Proverbs 14:20

ESV The poor is disliked even by his neighbor, but the rich has many friends.
NIV The poor are shunned even by their neighbors, but the rich have many friends.
NASB The poor is hated even by his neighbor, But those who love the rich are many.
CSB A poor person is hated even by his neighbor, but there are many who love the rich.
NLT The poor are despised even by their neighbors, while the rich have many 'friends.'
KJV The poor is hated even of his own neighbour: but the rich hath many friends.

What does Proverbs 14:20 mean?

A "proverb" is a brief statement of common sense, general wisdom. Often, proverbs give insight into how the world "is," not necessarily how it "ought to be." This example points out how poverty and wealth can drive prejudice. It also notes how often people are friendly to the rich only for the sake of their riches. The following verse denounces hatred for one's neighbor (Proverbs 14:21), and other verses in Scripture condemn the practice of shunning the poor (Isaiah 10:1–2; Proverbs 29:14).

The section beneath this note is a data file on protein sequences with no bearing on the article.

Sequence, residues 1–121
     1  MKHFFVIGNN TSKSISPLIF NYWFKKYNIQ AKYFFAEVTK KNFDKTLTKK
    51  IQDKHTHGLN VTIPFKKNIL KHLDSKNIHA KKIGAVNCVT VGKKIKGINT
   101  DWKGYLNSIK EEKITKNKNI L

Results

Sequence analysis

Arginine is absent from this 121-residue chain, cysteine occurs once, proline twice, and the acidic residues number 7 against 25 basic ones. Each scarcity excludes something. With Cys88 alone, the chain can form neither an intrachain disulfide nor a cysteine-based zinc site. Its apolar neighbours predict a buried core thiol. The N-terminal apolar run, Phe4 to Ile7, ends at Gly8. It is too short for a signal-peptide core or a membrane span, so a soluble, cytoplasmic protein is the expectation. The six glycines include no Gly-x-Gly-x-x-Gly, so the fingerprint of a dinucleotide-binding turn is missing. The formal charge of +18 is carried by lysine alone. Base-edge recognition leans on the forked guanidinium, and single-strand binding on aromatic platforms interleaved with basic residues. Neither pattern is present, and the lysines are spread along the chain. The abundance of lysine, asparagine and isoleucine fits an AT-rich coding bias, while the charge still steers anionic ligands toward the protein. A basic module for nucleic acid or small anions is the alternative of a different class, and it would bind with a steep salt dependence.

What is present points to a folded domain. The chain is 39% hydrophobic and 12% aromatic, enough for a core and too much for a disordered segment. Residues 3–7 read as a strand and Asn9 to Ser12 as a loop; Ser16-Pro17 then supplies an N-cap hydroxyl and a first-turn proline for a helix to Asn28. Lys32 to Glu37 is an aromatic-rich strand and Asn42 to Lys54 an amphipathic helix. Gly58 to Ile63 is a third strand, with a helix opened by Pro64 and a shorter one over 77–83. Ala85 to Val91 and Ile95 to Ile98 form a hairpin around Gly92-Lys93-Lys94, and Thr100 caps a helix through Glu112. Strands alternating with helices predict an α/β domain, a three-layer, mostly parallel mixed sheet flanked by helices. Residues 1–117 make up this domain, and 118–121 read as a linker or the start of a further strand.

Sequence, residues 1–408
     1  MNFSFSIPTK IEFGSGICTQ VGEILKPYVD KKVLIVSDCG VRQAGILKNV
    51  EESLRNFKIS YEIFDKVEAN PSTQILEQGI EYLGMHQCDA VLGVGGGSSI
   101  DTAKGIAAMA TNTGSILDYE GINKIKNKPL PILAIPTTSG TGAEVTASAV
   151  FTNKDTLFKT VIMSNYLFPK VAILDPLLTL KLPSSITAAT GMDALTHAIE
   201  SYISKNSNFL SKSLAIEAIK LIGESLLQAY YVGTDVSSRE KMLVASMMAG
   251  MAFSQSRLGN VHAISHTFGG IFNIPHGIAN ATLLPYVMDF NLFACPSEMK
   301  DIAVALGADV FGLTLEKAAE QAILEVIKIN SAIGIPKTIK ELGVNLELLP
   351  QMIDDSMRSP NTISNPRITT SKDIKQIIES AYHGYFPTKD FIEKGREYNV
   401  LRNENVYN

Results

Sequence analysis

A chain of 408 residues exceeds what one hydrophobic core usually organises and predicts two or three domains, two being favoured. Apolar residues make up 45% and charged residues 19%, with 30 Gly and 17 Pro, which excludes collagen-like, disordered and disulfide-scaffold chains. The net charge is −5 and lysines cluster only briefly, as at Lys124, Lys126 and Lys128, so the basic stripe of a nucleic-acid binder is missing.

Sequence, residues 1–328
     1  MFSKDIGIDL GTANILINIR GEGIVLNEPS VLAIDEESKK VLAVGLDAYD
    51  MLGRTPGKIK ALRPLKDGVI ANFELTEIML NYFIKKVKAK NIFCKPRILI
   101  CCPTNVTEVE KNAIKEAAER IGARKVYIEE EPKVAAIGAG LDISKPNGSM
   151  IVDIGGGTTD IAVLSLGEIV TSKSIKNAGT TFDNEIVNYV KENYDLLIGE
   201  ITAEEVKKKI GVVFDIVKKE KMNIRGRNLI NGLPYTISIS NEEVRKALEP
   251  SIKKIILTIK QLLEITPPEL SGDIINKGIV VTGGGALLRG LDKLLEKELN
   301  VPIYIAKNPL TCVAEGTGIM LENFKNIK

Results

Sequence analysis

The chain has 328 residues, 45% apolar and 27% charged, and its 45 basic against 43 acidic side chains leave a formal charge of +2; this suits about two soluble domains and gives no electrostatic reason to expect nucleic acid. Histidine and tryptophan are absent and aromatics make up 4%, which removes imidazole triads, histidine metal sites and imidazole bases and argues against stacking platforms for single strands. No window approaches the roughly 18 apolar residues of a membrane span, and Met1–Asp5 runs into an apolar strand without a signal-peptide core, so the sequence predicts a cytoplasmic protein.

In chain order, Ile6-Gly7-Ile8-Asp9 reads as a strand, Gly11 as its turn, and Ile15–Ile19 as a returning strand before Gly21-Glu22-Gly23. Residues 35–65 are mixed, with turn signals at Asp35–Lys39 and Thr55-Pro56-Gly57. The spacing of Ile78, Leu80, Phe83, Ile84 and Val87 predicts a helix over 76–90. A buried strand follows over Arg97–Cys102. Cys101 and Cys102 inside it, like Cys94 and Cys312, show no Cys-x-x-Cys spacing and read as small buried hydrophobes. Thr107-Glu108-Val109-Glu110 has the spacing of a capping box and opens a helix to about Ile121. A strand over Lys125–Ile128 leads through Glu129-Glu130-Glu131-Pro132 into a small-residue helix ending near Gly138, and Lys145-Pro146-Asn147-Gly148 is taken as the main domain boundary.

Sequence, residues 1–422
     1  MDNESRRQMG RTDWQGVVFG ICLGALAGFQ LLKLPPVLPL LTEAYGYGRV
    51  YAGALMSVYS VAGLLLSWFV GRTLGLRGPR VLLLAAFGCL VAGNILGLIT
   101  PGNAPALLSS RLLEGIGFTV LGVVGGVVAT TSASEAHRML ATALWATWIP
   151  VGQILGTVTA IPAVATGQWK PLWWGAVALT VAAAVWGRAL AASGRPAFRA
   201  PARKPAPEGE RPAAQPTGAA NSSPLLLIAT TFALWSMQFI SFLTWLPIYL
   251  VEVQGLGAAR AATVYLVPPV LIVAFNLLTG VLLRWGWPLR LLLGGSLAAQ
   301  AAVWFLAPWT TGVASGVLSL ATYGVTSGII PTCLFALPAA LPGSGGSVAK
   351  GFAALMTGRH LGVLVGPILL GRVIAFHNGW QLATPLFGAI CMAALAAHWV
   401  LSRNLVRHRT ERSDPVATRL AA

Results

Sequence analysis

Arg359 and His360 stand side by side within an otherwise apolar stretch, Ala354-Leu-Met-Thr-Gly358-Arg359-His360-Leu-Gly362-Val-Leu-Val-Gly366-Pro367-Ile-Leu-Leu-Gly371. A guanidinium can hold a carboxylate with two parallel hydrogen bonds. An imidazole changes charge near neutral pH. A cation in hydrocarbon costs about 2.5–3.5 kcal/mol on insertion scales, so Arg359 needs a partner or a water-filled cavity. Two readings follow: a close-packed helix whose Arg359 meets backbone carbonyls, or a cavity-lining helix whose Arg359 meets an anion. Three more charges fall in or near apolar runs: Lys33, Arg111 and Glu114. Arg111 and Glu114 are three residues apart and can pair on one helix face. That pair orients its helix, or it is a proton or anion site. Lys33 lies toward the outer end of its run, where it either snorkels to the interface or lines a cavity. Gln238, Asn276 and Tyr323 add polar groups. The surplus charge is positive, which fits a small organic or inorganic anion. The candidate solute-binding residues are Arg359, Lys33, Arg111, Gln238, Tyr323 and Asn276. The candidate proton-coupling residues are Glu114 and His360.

Those struggling with poverty often experience social injustice as their neighbors shun them. The rich, on the other hand, have an easier time finding help and support. Unfortunately, such prejudice is common today, as people snub the poor but play up to the rich to get something from them. Feigned friendship and true friendship are worlds apart.

The apostle James writes against showing prejudicial treatment and condemns the hypocrisy of favoring the rich (James 2:1–9). He cites the occasion in which a man wearing a gold ring and expensive clothing receives far better treatment than a poor man in shabby clothing. When the men enter the believers' assembly, the rich man is ushered to a good seat, whereas the poor man is told to stand. In condemning this prejudice, he states that God has chosen the poor to be rich in faith and heirs of the kingdom.
What is the Gospel?
Download the app: